Working with Functions in C: Automatic and Static Variables

When you normally declare a local variable inside a function, as in the declaration of the variables guess and epsilon in your squareRoot function

float squareRoot (float x)


const float epsilon = .00001;

float guess  = 1.0;

. . .


you are declaring automatic local variables. Recall that the keyword auto can, in fact, pre- cede the declaration of such variables, but is optional because it is the default case. An automatic variable is, in a sense, actually created each time the function is called. In the preceding example, the local variables epsilon and guess are created whenever the squareRoot function is called. As soon as the squareRoot function is finished, these local variables “disappear.” This process happens automatically, hence the name automatic variables.

Automatic local variables can be given initial values, as is done with the values of epsilon and guess, previously. In fact, any valid C expression can be specified  as the ini- tial value for a simple automatic variable. The value of the expression is calculated and assigned to the automatic local variable  each time the function is called.4 And because an automatic variable disappears after the function completes execution, the value of that variable disappears along with it. In other words, the value an automatic variable has when a function finishes execution is guaranteed not to exist the next time the function is called.

If you place the word static in front of a variable declaration, you are in an entirely new ball game. The word static in C refers not to an electric charge, but rather to the notion of something that has no movement. This is the key to the concept of a static variable—it does not come and go as the function is called and returns. This implies that the value a static variable has upon leaving a function is the same value that variable will have the next time the function is called.

Static variables also differ with respect to their initialization. A static, local variable is initialized only once at the start of overall program execution—and not each time that the function is called. Furthermore, the initial value specified for a static variable must be a simple constant or constant expression. Static variables also have default initial values of zero, unlike automatic variables, which have no default initial value.

In the function auto_static, which is defined as follows:

void auto_static (void)


static int staticVar = 100;





the value of staticVar is initialized to 100 only once when program execution begins. To set its value to 100 each time the function is executed, an explicit assignment state- ment is needed, as in

void auto_static (void)


static int staticVar;

staticVar = 100;





Of course, reinitializing staticVar this way defeats the purpose of using a static vari- able in the first place.

Program 8.15 should help make the concepts of automatic and static variables a bit clearer.

Program 8.15   Illustrating Static and Automatic Variables

// Program to illustrate static and automatic variables

#include <stdio.h>

void auto_static (void)


int       autoVar = 1;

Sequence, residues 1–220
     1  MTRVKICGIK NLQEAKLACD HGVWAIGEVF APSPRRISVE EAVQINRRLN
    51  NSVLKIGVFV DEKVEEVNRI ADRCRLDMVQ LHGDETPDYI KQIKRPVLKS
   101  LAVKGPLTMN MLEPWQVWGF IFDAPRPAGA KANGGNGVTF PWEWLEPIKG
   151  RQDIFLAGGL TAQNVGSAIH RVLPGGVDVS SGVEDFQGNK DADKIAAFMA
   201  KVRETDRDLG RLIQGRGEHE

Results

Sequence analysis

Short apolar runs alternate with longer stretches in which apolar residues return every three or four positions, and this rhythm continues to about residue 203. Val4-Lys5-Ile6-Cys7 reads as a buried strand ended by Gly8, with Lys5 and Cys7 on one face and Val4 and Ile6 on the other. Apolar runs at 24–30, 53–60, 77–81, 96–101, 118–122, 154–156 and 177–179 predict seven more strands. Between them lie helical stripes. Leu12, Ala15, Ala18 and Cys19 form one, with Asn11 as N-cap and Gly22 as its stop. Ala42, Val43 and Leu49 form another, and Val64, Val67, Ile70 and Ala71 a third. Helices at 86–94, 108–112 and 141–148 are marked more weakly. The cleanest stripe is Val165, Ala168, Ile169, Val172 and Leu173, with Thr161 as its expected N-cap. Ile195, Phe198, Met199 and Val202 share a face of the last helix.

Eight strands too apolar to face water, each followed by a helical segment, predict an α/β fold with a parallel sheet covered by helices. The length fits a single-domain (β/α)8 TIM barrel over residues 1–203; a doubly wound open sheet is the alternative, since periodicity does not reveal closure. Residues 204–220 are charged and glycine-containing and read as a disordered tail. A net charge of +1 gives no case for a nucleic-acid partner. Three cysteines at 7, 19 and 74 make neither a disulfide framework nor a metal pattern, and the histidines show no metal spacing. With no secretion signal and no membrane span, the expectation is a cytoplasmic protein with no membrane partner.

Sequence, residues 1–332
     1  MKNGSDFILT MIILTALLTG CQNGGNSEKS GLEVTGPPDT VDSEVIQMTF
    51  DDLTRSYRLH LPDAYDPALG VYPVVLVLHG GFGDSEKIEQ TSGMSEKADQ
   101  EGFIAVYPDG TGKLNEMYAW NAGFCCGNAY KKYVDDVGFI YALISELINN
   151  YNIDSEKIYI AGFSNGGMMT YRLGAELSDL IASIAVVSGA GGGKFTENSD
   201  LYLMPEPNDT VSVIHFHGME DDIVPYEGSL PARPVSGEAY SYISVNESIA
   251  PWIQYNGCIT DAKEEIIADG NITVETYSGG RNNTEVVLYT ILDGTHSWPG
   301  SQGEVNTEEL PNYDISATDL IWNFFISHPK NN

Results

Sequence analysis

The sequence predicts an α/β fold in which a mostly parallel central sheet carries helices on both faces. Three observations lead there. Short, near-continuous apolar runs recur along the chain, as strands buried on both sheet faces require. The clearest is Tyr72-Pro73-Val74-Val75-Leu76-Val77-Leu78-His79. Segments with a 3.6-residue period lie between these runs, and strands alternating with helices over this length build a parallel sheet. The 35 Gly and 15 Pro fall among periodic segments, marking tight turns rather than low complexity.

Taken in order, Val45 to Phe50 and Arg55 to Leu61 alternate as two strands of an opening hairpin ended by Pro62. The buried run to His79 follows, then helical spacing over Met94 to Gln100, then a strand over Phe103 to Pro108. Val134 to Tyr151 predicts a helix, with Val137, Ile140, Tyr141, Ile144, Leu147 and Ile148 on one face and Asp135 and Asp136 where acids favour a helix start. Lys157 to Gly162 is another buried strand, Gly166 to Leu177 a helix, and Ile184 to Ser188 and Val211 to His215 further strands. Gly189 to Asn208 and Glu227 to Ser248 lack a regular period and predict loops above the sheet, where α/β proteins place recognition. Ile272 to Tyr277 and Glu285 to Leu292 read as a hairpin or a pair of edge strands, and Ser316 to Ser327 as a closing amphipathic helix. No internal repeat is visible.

static int staticVar = 1;

printf (“automatic = %i, static = %i\n”, autoVar, staticVar);




int main (void)


int  i;

void auto_static (void);

for ( i = 0; i < 5; ++i )

auto_static ();

return 0;


Program 8.15   Output

automatic = 1, static = 1

automatic = 1, static = 2

automatic = 1, static = 3

automatic = 1, static = 4

automatic = 1, static = 5

Inside the auto_static function, two local variables are declared. The first variable, called autoVar, is an automatic variable of type int with an initial value of 1. The sec- ond variable, called staticVar, is a static variable, also of type int and also with an ini- tial value of 1. The function calls the printf routine to display the values of these two variables. After this, the variables are each incremented by 1, and execution of the func- tion is then complete.

The main routine sets up a loop to call the auto_static function five times. The output from Program 8.15 points out the difference between the two variable types. The value of the automatic variable is listed as 1 for each line of the display. This is because

its value is set to 1 each time the function is called. On the other hand, the output shows the value of the static variable steadily increasing from 1 through 5. This is because its value is set equal to 1 only once—when program execution begins—and because its value is retained from one function call to the next.

The choice of whether to use a static variable or automatic variable depends upon the intended use of the variable. If you want the variable to retain its value from one function call to the next (for example, consider a function that counts the number of times that it is called), use a static variable. Also, if your function uses a variable whose value is set once and then never changes, you might want to declare the variable  static, as it saves the inefficiency of having the variable reinitialized each time that the function is called. This efficiency consideration is even more important when dealing with arrays.

From the other direction, if the value of a local variable must be initialized at the beginning of each function call, an automatic variable seems the logical choice.

Source: Kochan Stephen G. (2004), Programming in C: A Complete Introduction to the C Programming Language, Sams; Subsequent edition.

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